Canadian Ambassador’s Mission: Strengthen Ukraine’s Defense and EU Entry Ambitions

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When she arrived in Kyiv last month, the newly appointed Canadian ambassador to Ukraine, Natalka Cmoc, couldn’t help but feel an overwhelming sense of déjà vu. It reminded of her experiences in the ’90s working in Ukraine, freshly independent and with countless soldiers returning from the war in Afghanistan, maimed and missing limbs.

Cmoc professes a deep affection for Ukraine. This is her latest of many trips since the country achieved independence in 1991. Merely two weeks into her one-year term and she already anticipates the dread of air-raid sirens, cautioning that she may suddenly need to seek shelter during the early hours of the morning.

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Cmoc’s mission in Kyiv is twofold. First, to support Ukraine’s pressing defence and security needs, combating all forms of Russian aggression and engaging her counterparts from the G7 countries stationed in Kyiv. The long-term goal revolves around preparing Ukraine for entry into the European Union and NATO, supporting reforms, reconstruction and humanitarian aid efforts.

She admits that her role is to orchestrate these undertakings on multiple fronts and foster clear communication between Ottawa and Kyiv. She recognizes Ukraine’s progress in its counteroffensive, operating a NATO military tactic aimed at minimizing fatalities. This stands in contrast to Russia’s approach to combat, which she likens to a ‘meat-grinder.’

Canadian support, however, extends further than just military aid. The long-term vision involves aiding Ukraine in establishing a ‘greener’ and more democratic society. Accompanied by diplomatic staff members expected to total to 22 by October, their responsibilities will include everything from evaluating mine-removal projects to funding initiatives aimed at promoting women into roles abandoned by men sent to the front lines.

Additional efforts will be directed towards aiding Ukrainian nuclear safety experts to prevent ecological and nuclear disasters at energy plants due to the war. Cmoc mentions the Kherson region’s present reconstruction efforts in the wake of the destruction of a colossal dam in June, as a preview of what’s to come post-war. Countries like Canada stand ready to assist locals, equipping them with tools for farming, sourcing safe water and energy. These initiatives are also designed to position Ukraine as a rewarding destination for private-sector investments after the war.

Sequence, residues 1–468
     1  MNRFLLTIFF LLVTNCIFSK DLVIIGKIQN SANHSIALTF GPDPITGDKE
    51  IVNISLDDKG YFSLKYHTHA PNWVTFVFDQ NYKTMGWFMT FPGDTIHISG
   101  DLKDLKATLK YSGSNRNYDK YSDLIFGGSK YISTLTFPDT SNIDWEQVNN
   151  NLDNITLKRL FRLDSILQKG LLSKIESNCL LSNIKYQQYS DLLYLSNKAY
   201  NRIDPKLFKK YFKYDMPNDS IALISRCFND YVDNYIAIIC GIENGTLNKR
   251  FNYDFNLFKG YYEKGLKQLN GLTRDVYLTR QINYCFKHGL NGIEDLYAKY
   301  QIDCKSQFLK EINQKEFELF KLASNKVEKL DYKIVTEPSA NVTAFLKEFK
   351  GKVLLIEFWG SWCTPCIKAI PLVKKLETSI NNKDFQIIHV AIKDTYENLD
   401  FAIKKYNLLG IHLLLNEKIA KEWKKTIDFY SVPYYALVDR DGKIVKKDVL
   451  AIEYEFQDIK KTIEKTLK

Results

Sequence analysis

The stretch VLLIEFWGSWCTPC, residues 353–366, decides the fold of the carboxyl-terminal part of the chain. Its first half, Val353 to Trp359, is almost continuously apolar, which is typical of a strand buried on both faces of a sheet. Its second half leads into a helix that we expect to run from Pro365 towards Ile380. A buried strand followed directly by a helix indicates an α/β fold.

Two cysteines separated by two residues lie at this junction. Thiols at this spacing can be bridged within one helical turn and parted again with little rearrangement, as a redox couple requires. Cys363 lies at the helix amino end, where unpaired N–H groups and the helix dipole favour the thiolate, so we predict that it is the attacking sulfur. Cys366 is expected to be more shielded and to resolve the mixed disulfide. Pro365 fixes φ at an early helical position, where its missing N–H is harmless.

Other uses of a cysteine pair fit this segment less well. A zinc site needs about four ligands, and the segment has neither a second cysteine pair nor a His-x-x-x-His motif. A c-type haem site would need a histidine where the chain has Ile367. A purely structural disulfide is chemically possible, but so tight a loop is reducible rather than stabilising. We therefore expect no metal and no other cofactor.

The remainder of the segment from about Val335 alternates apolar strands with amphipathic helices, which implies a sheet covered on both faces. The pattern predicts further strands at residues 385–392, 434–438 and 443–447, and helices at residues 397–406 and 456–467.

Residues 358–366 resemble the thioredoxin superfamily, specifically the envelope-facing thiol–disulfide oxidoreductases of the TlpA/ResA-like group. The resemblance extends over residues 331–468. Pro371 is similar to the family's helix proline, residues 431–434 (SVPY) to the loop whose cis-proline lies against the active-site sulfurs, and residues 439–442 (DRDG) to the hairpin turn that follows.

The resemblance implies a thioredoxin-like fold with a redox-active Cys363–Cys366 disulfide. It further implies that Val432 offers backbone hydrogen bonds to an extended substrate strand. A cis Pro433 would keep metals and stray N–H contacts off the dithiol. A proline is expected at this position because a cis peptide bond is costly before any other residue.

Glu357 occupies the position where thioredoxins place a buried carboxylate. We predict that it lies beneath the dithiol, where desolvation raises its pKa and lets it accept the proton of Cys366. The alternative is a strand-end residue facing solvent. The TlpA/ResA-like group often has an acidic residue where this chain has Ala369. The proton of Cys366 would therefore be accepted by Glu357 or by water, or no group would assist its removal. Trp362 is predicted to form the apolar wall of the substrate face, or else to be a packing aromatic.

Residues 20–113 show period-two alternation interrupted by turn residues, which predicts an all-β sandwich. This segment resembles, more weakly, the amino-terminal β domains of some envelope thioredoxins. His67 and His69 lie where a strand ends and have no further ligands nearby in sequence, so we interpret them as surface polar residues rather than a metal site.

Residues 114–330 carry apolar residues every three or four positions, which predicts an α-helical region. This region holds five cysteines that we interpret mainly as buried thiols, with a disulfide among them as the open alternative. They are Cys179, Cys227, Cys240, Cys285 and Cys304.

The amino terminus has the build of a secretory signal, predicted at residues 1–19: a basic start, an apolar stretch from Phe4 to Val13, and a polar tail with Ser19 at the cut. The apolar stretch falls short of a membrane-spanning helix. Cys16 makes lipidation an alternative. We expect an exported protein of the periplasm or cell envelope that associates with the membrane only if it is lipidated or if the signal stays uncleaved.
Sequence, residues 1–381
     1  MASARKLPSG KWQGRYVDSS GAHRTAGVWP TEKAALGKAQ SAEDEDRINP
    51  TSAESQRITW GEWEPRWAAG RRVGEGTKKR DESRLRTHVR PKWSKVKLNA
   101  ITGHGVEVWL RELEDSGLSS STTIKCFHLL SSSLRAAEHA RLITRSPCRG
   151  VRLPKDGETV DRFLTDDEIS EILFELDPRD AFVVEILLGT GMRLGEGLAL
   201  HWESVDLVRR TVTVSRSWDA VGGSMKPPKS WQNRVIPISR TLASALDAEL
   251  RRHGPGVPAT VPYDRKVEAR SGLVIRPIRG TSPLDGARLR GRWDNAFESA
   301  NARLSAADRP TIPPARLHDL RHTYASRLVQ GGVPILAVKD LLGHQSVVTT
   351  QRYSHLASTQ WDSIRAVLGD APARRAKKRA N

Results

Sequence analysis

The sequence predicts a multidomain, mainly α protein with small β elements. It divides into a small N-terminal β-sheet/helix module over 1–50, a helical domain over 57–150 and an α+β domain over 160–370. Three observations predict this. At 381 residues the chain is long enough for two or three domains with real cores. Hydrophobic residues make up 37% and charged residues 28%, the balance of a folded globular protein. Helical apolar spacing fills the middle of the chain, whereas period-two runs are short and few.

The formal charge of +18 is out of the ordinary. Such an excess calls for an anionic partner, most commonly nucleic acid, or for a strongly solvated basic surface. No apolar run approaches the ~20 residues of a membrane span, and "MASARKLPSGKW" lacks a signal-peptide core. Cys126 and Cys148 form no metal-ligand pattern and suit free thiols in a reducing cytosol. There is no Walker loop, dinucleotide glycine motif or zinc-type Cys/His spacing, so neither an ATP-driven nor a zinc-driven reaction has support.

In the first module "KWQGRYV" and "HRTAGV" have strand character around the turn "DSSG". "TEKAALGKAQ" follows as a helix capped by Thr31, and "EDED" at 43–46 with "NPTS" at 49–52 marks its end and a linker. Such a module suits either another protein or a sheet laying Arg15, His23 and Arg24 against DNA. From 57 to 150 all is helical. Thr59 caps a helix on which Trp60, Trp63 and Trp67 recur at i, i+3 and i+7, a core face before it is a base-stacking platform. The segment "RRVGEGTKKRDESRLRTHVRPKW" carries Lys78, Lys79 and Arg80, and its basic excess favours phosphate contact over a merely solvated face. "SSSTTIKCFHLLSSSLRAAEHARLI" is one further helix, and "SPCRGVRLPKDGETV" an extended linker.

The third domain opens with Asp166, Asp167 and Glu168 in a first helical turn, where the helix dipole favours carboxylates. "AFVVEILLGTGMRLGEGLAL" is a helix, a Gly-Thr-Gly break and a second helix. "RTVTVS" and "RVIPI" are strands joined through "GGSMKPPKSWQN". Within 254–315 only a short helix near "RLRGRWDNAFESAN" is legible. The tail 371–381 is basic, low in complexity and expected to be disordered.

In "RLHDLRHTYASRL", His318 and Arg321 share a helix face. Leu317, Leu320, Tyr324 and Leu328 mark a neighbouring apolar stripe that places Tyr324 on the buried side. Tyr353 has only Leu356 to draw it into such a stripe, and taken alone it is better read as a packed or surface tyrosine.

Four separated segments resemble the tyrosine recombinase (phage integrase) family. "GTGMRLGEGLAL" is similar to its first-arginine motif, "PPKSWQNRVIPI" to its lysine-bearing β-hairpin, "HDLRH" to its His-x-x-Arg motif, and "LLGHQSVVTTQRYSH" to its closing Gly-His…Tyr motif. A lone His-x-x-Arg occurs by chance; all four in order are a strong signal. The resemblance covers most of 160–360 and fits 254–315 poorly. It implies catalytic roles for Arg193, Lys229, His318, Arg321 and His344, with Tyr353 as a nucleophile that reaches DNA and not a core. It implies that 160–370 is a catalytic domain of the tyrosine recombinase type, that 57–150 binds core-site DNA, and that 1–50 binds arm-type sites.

Before her ambassadorial role, Cmoc invested ten years in various federal roles in Ottawa. Her experience includes a stint as a technical expert in Canada’s former aid department, focusing on human-rights and election-monitoring missions and participating in Canada’s peace and stabilization operations program. It’s these early experiences that have guided her present responsibilities.

Despite agreeing on most issues, it hasn’t always been smooth sailing between Canada and Ukraine. Controversial requests for a no-fly zone and discord over certain U.S. decisions have posed challenges. Requests from Ukraine for additional anti-landmine support and extended military funding will also be on Cmoc’s plate.

In her new role, Cmoc is also focused on bolstering Canada’s involvement in anti-corruption schemes in Ukraine, predominantly through training judges and forensic auditors. These is a crucial stipulation for Ukraine’s EU accession.

Despite the daunting circumstances faced by the war-torn country, Cmoc expressed being profoundly moved by the unity demonstrated by Ukrainians, even transcending historical linguistics divides and strained minority relations. To witness a new generation suffering in the way of its predecessors is unsettling, and yet, Cmoc accepts her new mission wholeheartedly, seeing it as an honour to serve a land so close to her heart.